The plan also outlined a commitment to support physical activity
programs, and the expansion of transparent nutrition information
and low- and no-calorie options to emerging markets. Coca-Cola
didn't set deadlines or targets for the initiatives, which are
intended to apply to more than 200 countries.
Chief Executive Officer Muhtar Kent has been working to
counter the perception that the soft-drink maker contributes to
America's obesity epidemic. Coca-Cola earlier this year introduced
advertisements highlighting the company's low- and zero-calorie
products and suggesting people pay attention to how many calories
they consume in order to manage their weight. It also has been
working on introducing smaller portion sizes of its products and
said it will continue innovating drinks made with natural
zero-calorie sweeteners like stevia.
"People in these countries are going to be aware of these health
issues so Coke wants to be prepared," Jack Russo, an analyst with
Edward Jones & Co. in St. Louis, said today in a telephone
interview. "The regulators and governments are going to get more
involved with this entire issue."
Almost 36% of adults and about 17% of children are obese in the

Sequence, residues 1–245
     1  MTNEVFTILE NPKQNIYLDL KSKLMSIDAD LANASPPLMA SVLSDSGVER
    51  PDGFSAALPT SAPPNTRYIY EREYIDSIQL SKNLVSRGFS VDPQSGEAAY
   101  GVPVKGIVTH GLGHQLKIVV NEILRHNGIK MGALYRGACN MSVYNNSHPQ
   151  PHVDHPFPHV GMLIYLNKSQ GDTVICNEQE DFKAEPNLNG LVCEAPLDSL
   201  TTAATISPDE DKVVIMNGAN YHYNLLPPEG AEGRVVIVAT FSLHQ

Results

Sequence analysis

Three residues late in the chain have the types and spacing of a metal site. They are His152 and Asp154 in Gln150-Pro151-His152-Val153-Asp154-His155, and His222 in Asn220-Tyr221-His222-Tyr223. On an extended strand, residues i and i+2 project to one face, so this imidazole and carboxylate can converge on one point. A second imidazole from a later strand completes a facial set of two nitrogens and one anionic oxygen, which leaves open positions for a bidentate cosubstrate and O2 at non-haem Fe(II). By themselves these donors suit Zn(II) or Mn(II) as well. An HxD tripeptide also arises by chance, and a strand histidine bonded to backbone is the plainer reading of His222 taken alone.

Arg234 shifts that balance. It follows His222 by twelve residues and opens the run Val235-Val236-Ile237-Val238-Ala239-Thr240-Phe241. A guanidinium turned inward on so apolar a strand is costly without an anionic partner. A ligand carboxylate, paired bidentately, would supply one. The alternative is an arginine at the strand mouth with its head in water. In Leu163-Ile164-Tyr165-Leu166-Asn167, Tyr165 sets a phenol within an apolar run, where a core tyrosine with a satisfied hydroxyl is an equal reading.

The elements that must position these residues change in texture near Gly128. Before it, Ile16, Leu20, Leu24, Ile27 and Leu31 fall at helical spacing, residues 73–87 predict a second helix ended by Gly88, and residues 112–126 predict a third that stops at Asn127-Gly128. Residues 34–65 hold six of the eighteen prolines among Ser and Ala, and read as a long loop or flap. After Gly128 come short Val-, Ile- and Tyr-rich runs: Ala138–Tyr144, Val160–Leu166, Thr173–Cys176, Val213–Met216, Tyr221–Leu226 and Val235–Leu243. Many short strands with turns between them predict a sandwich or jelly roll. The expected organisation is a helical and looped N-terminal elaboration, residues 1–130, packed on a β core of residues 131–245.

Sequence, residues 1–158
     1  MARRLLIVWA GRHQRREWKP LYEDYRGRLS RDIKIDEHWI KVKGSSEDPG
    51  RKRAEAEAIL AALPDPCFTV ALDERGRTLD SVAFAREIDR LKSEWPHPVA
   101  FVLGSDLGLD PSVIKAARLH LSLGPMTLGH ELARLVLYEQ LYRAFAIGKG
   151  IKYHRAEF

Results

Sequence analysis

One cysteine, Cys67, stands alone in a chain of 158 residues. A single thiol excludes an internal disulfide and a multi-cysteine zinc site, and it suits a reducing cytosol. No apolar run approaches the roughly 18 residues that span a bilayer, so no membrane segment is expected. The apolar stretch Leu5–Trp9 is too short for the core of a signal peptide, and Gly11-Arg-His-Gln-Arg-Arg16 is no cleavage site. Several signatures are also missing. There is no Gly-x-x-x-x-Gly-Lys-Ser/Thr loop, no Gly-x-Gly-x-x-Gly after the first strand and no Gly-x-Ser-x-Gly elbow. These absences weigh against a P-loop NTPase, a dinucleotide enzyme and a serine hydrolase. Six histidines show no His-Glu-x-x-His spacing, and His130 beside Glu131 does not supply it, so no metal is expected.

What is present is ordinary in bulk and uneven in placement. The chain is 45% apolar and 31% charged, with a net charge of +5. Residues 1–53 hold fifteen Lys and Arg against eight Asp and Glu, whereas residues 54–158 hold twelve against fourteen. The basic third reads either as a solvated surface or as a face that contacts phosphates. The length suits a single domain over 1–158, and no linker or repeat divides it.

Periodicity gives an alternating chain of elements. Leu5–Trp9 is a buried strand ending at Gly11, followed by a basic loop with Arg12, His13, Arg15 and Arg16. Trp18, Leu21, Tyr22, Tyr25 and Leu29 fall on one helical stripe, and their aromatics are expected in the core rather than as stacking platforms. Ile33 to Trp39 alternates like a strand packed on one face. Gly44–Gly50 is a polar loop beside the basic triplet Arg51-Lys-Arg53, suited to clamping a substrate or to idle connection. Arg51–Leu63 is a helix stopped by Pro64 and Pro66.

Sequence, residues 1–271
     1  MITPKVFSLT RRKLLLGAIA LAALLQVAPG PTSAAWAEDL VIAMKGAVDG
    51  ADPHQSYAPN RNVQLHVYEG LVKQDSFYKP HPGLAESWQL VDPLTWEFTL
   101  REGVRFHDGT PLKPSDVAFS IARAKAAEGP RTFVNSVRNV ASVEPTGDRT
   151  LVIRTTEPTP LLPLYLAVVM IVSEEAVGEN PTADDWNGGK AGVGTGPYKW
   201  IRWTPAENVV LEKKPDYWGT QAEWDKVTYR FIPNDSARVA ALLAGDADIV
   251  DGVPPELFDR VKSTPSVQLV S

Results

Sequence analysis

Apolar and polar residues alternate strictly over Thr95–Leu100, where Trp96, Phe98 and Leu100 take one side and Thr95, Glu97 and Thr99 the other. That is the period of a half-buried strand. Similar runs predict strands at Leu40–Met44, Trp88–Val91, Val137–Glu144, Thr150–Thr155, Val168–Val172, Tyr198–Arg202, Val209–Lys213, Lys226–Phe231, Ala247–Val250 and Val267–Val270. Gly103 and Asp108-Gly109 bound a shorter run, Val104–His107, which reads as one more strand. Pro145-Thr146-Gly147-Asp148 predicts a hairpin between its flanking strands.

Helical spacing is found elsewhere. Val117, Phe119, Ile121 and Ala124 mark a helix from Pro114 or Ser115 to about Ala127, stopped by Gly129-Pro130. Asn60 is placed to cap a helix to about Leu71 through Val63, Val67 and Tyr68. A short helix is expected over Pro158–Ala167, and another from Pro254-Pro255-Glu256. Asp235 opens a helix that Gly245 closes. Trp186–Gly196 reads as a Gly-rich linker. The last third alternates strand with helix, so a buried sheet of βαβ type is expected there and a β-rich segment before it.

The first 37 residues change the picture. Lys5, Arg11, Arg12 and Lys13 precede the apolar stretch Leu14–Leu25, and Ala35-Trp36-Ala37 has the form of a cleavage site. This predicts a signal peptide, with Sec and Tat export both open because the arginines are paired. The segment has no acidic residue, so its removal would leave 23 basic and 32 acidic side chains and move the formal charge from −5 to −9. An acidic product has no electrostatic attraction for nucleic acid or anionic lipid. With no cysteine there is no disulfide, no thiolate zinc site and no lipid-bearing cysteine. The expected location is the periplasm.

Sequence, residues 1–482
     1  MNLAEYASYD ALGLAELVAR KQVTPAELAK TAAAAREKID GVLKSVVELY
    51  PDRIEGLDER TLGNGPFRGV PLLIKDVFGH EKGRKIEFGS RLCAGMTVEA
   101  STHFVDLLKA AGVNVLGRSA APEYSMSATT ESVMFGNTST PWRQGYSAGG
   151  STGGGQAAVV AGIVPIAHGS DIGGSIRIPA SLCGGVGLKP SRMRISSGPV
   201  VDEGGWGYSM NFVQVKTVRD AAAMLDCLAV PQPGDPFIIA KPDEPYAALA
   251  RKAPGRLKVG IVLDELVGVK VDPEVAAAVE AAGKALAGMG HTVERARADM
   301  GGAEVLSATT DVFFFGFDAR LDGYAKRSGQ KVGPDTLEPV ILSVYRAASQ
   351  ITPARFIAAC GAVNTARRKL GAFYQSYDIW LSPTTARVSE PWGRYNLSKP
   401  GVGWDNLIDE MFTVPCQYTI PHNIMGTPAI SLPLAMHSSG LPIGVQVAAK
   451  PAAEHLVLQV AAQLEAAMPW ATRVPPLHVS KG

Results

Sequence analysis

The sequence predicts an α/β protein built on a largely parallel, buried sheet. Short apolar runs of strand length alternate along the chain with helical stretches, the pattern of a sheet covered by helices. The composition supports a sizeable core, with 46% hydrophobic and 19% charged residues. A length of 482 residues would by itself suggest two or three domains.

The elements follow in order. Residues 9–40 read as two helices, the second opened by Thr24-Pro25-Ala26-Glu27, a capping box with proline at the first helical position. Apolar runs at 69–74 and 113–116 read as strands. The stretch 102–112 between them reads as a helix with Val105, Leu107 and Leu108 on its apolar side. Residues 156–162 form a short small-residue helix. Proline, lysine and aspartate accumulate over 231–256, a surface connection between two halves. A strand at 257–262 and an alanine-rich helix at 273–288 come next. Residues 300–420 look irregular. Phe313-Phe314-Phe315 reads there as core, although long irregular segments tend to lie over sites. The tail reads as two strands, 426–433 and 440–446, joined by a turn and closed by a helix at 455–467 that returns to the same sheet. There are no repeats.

U.S., according to the Centers for Disease Control and Prevention
in Atlanta. Obesity is measured by using weight and height to
calculate a number called body mass index, according to the CDC. An
adult who is 5 feet, 9 inches tall and weighs 203 pounds or more is
Earlier this year, New York City challenged a ruling throwing
out Mayor Michael R. Bloomberg's proposal to restrict sales of
large-size soda drinks, calling the plan "contrary to law."
The city's Board of Health last year approved the plan to cap
the size of sugary soft drinks sold in restaurants, movie theaters,
stadiums and arenas at 16 ounces (473 milliliters) a cup. In
October, groups representing beverage makers, restaurants and
theaters asked the court to end the regulation, citing
Between 2009 and 2011, Coca-Cola, PepsiCo Inc. and the American
Beverage Association spent as much as $70 million on lobbying and
issue ads, according to the Center for Science in the Public
Interest, a proponent of soda taxes. The money helped defeat
efforts to enact such levies in 30 states.
--Bloomberg News with additional contributions from Advertising